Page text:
Smile! The world is a beautiful place (^_^)


An Emerald damselfly fell victim for a Cross spider.. Poor Emmy! He was quickly wrapped up in silk for a later snack.

f/4 – 1/125 – ISO 200 – 60


16 responses

  1. I read your post as meaning this was an angry spider! (UK term: cross = angry, usually when talking to children) Looking at the earlier post I now realise that “cross spider ” must be its name from the pale cross mark on the body. Well I have certainly given myself something to laugh at today: me! πŸ™‚

    I’m enjoying looking back at your earlier posts. You say you’re a learner but looking at your photos, maybe “quick learner” would be more accurate. Thanks for sharing.

    September 16, 2012 at 11:55 AM

    • Thanks a million, James! Indeed, I was referring to the name of the spider (I suppose it’s based on the pattern) and I’m fairly certain she was anything but cross when she made such a fine catch! πŸ™‚

      September 16, 2012 at 11:58 AM

  2. A very detailed photograph of a spider! I myself have tried on many occasions to photograph the insect in all its full detailed glory but I have never been able to achieve a photograph like this one! Well done!

    Cogtography, a photographic blog (mainly for photographers) for all your inspirational and creative ideas, give us a comment, a like and maybe even a follow. Get creative, get inspired:

    September 16, 2012 at 12:53 PM

    • Thank you! I’m actually afraid of spiders, but close up photography is helping me overcome that fear. Spiders are good objects because (most of the time) they don’t move that fast so they make good practice for beginners like myself. πŸ™‚

      September 16, 2012 at 1:36 PM

      • That makes two of us so I can understand and relate to your insight! Photographing spiders can be challenging for even professionals however because you have to get exact focus on your subject and then formulate a good depth of field to boast the detail and pattern of your subjected Spider! So well done πŸ™‚

        September 16, 2012 at 2:37 PM

        • Thank you so much (again)! I was a bit freaked out and fascinated at the same time, lucky I could hold the camera steady and focus on the spider and her prey!

          September 16, 2012 at 3:04 PM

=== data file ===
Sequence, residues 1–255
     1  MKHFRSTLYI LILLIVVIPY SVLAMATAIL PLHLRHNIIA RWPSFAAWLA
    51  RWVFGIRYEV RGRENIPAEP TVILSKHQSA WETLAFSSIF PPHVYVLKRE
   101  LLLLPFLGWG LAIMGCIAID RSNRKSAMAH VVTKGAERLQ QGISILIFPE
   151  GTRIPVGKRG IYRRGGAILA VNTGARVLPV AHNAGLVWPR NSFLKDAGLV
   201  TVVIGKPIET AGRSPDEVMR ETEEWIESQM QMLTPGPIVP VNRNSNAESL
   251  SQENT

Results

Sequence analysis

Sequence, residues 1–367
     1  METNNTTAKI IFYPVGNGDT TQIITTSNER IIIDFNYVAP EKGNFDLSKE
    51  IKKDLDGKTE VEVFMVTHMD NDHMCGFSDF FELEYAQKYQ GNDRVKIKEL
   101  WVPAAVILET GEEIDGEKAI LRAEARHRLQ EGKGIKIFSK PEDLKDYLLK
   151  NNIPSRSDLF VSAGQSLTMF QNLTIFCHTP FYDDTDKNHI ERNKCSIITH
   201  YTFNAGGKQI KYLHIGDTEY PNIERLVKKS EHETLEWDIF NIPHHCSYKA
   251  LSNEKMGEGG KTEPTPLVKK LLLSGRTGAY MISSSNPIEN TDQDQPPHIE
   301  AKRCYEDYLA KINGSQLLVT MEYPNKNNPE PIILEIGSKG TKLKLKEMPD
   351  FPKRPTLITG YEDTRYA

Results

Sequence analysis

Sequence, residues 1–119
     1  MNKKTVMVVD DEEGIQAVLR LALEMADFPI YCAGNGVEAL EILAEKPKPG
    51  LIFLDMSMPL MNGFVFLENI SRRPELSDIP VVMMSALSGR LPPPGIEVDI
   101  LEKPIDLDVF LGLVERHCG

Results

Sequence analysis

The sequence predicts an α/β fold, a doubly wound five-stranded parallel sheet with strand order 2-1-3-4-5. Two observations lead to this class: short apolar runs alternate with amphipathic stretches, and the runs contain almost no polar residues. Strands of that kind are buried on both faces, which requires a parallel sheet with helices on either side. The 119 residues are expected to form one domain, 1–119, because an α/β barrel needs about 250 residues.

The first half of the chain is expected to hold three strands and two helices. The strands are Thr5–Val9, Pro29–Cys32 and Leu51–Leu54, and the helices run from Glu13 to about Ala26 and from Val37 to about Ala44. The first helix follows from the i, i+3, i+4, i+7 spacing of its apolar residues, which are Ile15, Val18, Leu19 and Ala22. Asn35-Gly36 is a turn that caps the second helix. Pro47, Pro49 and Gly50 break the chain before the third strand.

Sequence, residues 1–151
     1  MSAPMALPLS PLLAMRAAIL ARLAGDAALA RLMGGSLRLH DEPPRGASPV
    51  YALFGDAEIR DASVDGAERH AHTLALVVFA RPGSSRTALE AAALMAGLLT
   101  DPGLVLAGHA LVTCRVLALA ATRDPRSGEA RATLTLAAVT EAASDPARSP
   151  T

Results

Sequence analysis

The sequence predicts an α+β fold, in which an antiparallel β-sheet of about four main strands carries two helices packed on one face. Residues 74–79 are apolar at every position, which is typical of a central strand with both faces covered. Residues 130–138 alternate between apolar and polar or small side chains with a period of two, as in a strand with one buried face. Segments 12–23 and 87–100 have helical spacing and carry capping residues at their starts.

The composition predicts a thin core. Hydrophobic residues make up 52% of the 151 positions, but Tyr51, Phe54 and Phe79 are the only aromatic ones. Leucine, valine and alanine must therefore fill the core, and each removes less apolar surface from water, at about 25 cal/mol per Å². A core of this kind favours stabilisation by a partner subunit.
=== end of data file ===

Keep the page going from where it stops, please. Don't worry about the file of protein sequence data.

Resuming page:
3. Therese

    Amazing picture!

    September 16, 2012 at 3:20 PM

  4. Great shot. I haven’t yet seen a spider catch a dragonfly or damselfly, only grasshoppers, a bee, and a cicada. I learned from researching spiders that they don’t actually eat their prey. Usually they immobilize them and inject then with saliva that contains enzymes. The enzymes help to liquify the insides and the spider essentially sucks out the insides. (Hopefully I have not made you even more afraid of spiders.)

    September 16, 2012 at 6:53 PM

    • Eeeeeew! Thanks Mike πŸ˜‰ That’s… interesting to know! Actually, I read that the Cross spiders usually don’t wrap their prey, they wait until the end of the day and then consumes everything that’s stuck in the web plus the web itself. Then it makes a new web in the morning. Clever, eh? But I guess the damselfly was big enough to make the effort of wrapping.

      September 16, 2012 at 9:26 PM

      • I’ll have to check out the Cross spider. My experience is more with the Yellow Garden Orbweaver spider.

        September 16, 2012 at 10:39 PM

        • I’m impressed with all the different techniques they have. So efficient and clever! I need to get a zoom lens so I can photograph them without getting so close. πŸ™‚

          September 17, 2012 at 6:03 AM

  5. Heart To Harp

    You captured quite a moment. Sounds like fascination is winning over fear with spiders. Great shot.

    September 17, 2012 at 2:30 AM

  6. superb!!

    September 17, 2012 at 3:00 PM

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